4)   deliver £10 billion of new investment in London’s transport over the next Parliament including new tube improvements, better roads, more buses and cycle lanes and identifying the next big infrastructure investment after Crossrail

5)   make London a centre of the world’s creative and commercial life, with new investment in science, finance, technology and culture. This will include a new feasibility study to develop a world class concert hall for London which will be led by the Barbican Centre

6)   give more power to Londoners to control their city’s future, with new powers for the Mayor of London to support economic growth, boost skills in the capital and have more control over planning powers



Here’s a fantasy metro network for Birmingham & the West Midlands

Birmingham New Street. Image: Getty.

Another reader writes in with their fantasy transport plans for their city. This week, we’re off to Birmingham…

I’ve read with interest CityMetric’s previous discussion on Birmingham’s poor commuter service frequency and desire for a “Crossrail” (here and here). So I thought I’d get involved, but from a different angle.

There’s a whole range of local issues to throw into the mix before getting the fantasy metro crayons out. Birmingham New Street is shooting up the passenger usage rankings, but sadly its performance isn’t, with nearly half of trains in the evening rush hour between 5pm and 8pm five minutes or more late or even cancelled. This makes connecting through New Street a hit and, mainly, miss affair, which anyone who values their commuting sanity will avoid completely. No wonder us Brummies drive everywhere.

There are seven local station reopening on the cards, which have been given a helping hand by a pro-rail mayor. But while these are super on their own, each one alone struggles to get enough traffic to justify a frequent service (which is key for commuters); or the wider investment needed elsewhere to free up more timetable slots, which is why the forgotten cousin of freight gets pushed even deeper into the night, in turn giving engineering work nowhere to go at all.

Suburban rail is the less exciting cousin of cross country rail. But at present there’s nobody to “mind the gap” between regional cross-country focussed rail strategy , and the bus/tram orientated planning of individual councils. (Incidentally, the next Midland Metro extension, from Wednesbury to Brierley Hill, is expected to cost £450m for just 11km of tram. Ouch.)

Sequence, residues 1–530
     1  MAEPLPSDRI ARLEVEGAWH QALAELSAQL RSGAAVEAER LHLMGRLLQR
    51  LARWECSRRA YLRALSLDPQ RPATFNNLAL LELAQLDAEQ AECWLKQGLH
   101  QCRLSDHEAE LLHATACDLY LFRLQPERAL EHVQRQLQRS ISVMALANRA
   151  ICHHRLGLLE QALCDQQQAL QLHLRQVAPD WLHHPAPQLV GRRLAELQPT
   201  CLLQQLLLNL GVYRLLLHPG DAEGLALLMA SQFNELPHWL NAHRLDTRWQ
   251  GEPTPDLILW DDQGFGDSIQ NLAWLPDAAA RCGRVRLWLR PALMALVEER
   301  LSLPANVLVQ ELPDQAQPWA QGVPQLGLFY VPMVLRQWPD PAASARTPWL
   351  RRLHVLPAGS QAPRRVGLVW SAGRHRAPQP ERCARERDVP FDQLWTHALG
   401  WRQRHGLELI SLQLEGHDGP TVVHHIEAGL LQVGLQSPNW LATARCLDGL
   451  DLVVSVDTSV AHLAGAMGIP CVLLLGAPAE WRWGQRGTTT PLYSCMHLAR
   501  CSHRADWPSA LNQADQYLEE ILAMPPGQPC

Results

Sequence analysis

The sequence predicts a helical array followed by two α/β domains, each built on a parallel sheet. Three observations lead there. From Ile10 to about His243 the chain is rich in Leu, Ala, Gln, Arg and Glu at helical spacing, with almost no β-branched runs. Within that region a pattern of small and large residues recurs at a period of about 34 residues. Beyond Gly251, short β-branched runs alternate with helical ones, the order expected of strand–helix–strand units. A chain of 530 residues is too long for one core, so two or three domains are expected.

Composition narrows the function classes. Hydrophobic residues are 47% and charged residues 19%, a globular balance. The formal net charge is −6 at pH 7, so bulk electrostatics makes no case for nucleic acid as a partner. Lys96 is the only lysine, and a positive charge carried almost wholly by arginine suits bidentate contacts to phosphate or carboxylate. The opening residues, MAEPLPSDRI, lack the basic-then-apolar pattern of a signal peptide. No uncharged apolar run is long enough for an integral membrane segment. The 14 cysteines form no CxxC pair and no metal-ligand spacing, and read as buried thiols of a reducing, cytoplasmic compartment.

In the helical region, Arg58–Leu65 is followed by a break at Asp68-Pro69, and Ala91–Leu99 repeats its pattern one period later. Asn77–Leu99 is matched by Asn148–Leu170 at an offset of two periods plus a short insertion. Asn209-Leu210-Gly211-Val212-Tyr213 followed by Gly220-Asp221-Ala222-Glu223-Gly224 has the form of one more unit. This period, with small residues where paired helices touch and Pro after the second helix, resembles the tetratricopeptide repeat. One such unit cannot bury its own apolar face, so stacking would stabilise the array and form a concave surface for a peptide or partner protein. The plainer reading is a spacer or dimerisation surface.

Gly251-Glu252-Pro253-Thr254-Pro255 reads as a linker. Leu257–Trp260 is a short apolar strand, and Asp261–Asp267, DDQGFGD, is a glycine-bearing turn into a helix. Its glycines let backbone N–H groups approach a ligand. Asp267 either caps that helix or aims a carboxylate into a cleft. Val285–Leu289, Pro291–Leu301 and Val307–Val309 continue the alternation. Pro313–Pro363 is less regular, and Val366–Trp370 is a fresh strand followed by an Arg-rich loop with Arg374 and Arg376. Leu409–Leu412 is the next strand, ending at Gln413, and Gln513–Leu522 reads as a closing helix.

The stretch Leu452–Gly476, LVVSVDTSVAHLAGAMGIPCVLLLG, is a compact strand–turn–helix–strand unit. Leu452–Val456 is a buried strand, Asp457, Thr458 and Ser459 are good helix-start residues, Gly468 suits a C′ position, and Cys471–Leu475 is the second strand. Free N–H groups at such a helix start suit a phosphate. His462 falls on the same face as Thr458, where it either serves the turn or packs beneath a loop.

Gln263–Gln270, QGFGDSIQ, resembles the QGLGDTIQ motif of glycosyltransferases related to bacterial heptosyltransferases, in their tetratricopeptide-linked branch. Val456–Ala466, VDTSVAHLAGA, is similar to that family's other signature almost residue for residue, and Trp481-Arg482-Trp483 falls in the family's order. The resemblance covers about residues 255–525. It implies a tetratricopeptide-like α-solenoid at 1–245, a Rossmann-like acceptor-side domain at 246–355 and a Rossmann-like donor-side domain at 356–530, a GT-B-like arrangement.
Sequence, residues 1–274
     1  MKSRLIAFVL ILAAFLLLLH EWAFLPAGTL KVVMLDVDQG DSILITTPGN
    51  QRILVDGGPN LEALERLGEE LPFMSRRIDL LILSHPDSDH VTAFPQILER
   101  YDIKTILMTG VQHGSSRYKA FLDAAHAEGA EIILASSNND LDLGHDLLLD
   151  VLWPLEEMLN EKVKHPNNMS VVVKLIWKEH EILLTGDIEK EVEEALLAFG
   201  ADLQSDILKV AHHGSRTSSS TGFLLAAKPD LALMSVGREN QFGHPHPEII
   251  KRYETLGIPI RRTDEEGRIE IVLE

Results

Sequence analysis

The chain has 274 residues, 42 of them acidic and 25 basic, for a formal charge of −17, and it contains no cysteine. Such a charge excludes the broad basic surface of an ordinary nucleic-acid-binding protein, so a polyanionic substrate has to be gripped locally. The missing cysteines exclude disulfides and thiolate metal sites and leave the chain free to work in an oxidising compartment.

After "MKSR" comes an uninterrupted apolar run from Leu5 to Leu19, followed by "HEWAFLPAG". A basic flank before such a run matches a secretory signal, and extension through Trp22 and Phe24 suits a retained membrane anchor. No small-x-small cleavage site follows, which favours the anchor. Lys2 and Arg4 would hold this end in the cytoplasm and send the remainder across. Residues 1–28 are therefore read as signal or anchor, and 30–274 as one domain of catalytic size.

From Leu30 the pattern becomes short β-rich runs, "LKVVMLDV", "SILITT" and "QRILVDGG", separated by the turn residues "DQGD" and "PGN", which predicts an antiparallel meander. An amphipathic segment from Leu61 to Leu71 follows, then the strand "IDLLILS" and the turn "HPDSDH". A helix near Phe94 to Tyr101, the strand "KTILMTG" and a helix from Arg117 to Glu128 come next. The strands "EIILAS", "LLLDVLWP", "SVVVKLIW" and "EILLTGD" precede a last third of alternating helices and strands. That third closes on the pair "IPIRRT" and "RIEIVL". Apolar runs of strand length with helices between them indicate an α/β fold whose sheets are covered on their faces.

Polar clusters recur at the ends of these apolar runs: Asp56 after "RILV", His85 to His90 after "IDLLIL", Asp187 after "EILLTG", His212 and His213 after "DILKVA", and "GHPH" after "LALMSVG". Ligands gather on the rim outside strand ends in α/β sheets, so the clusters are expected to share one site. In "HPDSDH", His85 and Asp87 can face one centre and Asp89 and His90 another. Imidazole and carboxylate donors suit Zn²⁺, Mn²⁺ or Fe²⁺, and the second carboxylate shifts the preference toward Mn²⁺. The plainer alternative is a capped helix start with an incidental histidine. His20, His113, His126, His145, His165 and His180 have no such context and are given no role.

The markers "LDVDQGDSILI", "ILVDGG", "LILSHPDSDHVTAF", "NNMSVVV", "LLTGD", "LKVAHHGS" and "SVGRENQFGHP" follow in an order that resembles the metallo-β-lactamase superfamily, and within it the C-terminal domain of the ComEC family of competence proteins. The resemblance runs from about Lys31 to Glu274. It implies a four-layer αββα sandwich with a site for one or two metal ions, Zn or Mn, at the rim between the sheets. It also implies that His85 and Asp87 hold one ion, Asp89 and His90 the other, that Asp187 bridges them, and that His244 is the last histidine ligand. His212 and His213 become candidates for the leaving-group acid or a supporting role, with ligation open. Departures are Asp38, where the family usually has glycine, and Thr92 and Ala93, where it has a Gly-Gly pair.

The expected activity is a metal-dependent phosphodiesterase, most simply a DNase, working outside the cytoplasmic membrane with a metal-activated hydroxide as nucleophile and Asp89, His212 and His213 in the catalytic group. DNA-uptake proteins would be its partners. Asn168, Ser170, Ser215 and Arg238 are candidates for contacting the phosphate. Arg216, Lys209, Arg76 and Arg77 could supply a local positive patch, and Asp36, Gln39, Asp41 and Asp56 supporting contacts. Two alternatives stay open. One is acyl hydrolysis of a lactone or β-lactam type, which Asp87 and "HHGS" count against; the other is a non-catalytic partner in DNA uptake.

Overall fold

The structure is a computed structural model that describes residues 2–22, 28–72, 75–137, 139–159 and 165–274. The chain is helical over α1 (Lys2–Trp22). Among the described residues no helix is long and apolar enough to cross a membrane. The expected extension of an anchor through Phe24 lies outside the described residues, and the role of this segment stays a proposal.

So given all that, I decided to go down a less glamorous angle than a Birmingham Crossrail, and design a Birmingham  & Black Country Overground. Like the London Overground, I’ve tried to join up what we’ve already got into a more coherent service and make a distinct “line” out of it.

Click to expand. 

With our industrial heritage there are a selection of old alignments to run down, which would bring a suburban service right into the heart of the communities it needs to serve, rather than creating a whole string of “park & rides” on the periphery. Throw in another 24km of completely new line to close up the gaps and I’ve run a complete ring of railway all the way around Birmingham and the Black Country, joining up with HS2 & the airport for good measure – without too much carnage by the way of development to work around/through/over/under.

Click to expand. 

While going around with a big circle on the outside, I found a smaller circle inside the city where the tracks already exist, and by re-creating a number of old stations I managed to get within 800m of two major hospitals. The route also runs right under the Birmingham Arena (formerly the NIA), fixing the stunning late 1980s planning error of building a 16,000 capacity arena right in the heart of a city centre, over the railway line, but without a station. (It does have two big car parks instead: lovely at 10pm when a concert kicks out, gridlocks really nicely.)

From that redraw the local network map and ended up with...

Click to expand. 

Compare this with the current broadly hub-and-spoke network, and suddenly you’ve opened up a lot more local journey possibilities which you’d have otherwise have had to go through New Street to make. (Or, in reality, drive.) Yours for a mere snip at £3bn.

If you want to read more, there are detailed plans and discussion here (signup required).